I spend a lot of time in my kitchen, cooking up some hopefully tasty creations. With our recent move, our kitchen was upgraded considerably. In the apartment, I could hear the TV and even watch it, albeit at a viewing angle approaching 180 degrees. In our new place, the TV in the living room isn’t visible from the kitchen, and I was getting lonely and bored cooking while the TV was on in the other room.
Our recent subscription to Rogers’ Digital VIP pack includes a SD digital box that we weren’t going to use in the living room. So we, and by ‘we’ I mean ‘I’, decided to buy a small TV and mount it on a wall in the kitchen. The only problem is that if you look closely at this picture, there is no cable outlet in the kitchen. There is, however, a Cat5 drop here, running from the ground floor.
Moving down to the ground floor, we find the utility room that houses our washer & dryer, furnace, and hot water tank. This is also the room where the cable and phone lines come in from the outside, so our cable modem and wireless router live here too. It’s a big mess right now, but clean-up is on the low-priority to-do list, and I’m not too keen on spending too much on making this room pretty, especially since we are renting.
After some research, and a failed attempt at just soldering the RCA wires to the Cat5 twisted pairs (Yes, I knew there is an impedance mismatch, I just wanted to see for myself), I went to Home Depot and they had what I was looking for:
- Leviton 40735-RYW QuickPort RCA 110-Type, Yellow Barrel, Color White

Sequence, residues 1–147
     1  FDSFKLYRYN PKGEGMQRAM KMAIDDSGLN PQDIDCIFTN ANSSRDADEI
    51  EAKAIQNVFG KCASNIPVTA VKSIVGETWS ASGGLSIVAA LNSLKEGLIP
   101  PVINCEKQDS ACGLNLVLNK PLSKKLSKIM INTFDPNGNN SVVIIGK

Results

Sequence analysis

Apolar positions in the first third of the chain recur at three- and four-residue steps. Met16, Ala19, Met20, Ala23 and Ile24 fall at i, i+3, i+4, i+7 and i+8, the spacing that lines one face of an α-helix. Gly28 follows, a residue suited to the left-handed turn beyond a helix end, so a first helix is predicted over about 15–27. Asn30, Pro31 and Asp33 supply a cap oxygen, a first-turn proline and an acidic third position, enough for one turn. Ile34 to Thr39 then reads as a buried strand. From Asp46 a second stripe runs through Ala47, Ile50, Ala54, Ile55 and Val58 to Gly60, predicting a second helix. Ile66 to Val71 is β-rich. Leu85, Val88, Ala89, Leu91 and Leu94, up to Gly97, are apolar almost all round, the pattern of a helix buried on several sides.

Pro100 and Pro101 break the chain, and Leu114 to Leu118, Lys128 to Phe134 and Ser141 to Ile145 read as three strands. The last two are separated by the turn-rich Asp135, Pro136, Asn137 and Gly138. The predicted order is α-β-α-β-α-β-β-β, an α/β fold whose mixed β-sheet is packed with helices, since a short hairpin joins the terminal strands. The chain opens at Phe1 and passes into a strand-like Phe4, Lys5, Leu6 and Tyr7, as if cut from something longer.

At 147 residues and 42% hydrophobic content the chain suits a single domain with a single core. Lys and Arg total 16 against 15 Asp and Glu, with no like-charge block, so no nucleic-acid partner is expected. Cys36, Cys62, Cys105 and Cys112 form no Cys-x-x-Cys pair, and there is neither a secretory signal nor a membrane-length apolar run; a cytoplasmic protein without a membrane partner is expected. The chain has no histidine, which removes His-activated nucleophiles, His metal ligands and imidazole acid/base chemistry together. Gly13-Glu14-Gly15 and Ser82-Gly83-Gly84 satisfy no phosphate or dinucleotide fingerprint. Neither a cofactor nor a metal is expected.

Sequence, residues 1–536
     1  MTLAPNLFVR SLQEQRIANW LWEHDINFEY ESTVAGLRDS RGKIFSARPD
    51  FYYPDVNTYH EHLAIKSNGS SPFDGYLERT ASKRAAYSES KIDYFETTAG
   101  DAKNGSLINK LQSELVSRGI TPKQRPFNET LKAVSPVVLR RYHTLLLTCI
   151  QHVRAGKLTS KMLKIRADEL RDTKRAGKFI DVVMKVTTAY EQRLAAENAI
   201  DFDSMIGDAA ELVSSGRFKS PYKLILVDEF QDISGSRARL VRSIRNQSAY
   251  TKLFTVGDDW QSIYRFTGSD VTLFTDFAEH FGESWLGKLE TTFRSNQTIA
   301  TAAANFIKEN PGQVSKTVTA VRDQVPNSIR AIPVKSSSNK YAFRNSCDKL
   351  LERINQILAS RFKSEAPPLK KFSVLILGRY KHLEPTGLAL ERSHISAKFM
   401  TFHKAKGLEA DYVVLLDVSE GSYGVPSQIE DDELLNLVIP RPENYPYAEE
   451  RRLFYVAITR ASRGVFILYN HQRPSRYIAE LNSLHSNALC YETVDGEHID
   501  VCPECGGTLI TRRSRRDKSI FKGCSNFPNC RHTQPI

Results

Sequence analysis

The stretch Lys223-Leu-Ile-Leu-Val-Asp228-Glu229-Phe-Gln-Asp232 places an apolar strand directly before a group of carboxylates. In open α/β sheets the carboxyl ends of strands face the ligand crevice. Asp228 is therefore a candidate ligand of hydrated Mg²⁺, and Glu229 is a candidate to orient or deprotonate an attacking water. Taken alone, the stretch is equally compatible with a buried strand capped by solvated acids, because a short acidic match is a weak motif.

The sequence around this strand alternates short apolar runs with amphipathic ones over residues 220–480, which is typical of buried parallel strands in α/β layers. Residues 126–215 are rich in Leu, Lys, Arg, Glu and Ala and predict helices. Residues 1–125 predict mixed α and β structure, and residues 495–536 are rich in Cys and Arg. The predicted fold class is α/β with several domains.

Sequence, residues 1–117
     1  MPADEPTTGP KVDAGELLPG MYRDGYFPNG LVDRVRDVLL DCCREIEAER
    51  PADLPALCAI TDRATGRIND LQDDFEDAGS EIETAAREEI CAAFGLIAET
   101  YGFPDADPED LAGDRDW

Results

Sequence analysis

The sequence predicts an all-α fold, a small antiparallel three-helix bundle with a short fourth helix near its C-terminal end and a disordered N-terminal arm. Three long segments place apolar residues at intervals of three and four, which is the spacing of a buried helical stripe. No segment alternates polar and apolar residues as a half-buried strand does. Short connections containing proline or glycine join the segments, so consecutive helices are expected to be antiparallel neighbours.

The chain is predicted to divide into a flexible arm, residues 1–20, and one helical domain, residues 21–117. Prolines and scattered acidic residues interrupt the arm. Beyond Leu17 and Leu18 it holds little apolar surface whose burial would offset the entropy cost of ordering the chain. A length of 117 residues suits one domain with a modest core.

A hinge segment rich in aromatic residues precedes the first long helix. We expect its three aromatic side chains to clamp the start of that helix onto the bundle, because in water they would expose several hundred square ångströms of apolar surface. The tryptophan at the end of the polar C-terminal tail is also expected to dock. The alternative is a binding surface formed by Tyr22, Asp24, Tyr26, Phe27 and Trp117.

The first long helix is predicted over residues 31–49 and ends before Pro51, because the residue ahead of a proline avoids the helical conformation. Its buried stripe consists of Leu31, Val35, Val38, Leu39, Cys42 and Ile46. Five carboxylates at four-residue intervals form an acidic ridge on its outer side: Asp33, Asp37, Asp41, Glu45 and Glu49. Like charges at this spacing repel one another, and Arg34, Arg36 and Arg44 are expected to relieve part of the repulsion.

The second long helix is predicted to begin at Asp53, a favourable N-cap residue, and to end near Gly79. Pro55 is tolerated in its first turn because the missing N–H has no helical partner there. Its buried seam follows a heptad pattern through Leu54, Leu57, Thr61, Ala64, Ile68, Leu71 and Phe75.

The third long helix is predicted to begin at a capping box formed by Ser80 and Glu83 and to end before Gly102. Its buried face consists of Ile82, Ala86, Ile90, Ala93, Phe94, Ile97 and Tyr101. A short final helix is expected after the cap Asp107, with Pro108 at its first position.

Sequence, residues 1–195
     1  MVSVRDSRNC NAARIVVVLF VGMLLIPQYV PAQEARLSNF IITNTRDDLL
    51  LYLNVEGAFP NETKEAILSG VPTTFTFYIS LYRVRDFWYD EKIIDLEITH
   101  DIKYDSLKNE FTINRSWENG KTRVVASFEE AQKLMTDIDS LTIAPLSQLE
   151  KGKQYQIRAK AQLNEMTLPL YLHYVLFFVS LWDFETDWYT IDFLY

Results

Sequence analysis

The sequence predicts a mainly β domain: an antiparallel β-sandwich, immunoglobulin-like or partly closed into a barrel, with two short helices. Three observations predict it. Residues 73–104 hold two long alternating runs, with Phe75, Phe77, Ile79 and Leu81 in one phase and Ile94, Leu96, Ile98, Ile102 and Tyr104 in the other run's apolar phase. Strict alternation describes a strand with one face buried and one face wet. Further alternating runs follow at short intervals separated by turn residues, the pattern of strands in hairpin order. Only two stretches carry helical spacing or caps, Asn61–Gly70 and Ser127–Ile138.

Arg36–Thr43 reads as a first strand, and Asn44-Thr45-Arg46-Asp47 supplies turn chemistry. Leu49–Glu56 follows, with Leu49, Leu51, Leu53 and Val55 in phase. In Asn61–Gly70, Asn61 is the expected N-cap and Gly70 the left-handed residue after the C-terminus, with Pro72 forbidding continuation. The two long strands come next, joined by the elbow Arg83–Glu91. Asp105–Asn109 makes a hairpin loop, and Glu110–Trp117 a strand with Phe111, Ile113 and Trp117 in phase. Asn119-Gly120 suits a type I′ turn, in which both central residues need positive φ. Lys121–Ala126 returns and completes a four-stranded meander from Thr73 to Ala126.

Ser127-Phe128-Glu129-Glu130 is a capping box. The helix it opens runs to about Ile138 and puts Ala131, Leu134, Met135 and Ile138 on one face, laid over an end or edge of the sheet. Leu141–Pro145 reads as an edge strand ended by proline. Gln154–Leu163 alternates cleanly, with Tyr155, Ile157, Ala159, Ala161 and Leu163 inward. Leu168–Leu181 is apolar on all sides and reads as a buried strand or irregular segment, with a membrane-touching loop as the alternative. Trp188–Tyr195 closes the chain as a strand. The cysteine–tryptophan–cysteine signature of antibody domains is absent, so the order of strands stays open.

- Leviton 40735-RRW QuickPort RCA 110-Type, Red Barrel, Color White
- Leviton 40735-RWW QuickPort RCA 110-Type, White Barrel, Color White
What these do is let you use one twisted pair to send one of the three RCA signals, yellow for video, red and white for audio, over one twisted pair of Cat5 cable. There are 4 twisted pairs in one Cat5 cable, so you can use 3 for the RCA signals and have one to spare, which you can run a telephone over if you wish. They were about $5 each, and I needed 6, 3 for each end. Perfect for my situation!
The 40735-R*W units come with everything you need to get them attached to your Cat5, so other than something to strip the twisted pair wires inside the Cat5 cable, you don’t need anything special to get this working.
So in the basement, we have the cable box, RCA wires, and the QuickPort connectors:
There were 3 Cat5 wires there, going to the master bedroom, the guest bedroom, and the kitchen. To figure out which one to use, I guessed. Got it right the first time. =)
So on we move to the kitchen. It’s the same process, plug some Cat5 into the wall socket, slice off one end and put on some more of my favourite new connectors:
I picked up a 19″ LCD TV, a Sharp LC-19SB24U. It has a really thin bezel, which makes it look quite sleek in the kitchen. To mount it to the wall, I picked up a mount (00K79.21) at the Lee Valley showroom / warehouse here in Ottawa. I found out that Lee Valley has some great prices on these from my favourite home-theatre forum: Digital Home Canada.
I decided to put it on the wall where you see it so that I can put it out of the way when I don’t want the LCD close the kitchen work area. Here it is mounted to the wall:
So it all worked out pretty well. Here are some shots with the TV in the cooking position and in the safe at home position:
So at this point in time there are a couple of things left to do here, clean up the wires, and implement some sort of IR transmission system so I don’t have to walk down to the laundry room every time I want to change channels!
The last picture I have is of the wire management package that I picked up at Home Depot. I just need to pick up a white Cat5 cable to run from the wall up to the back of the TV:
So, it’s been a fun project… and now I can watch Sportscentre in the morning making breakfast and the Habs while making dinner =). If you have any comments, let me know at firstname.lastname@example.org.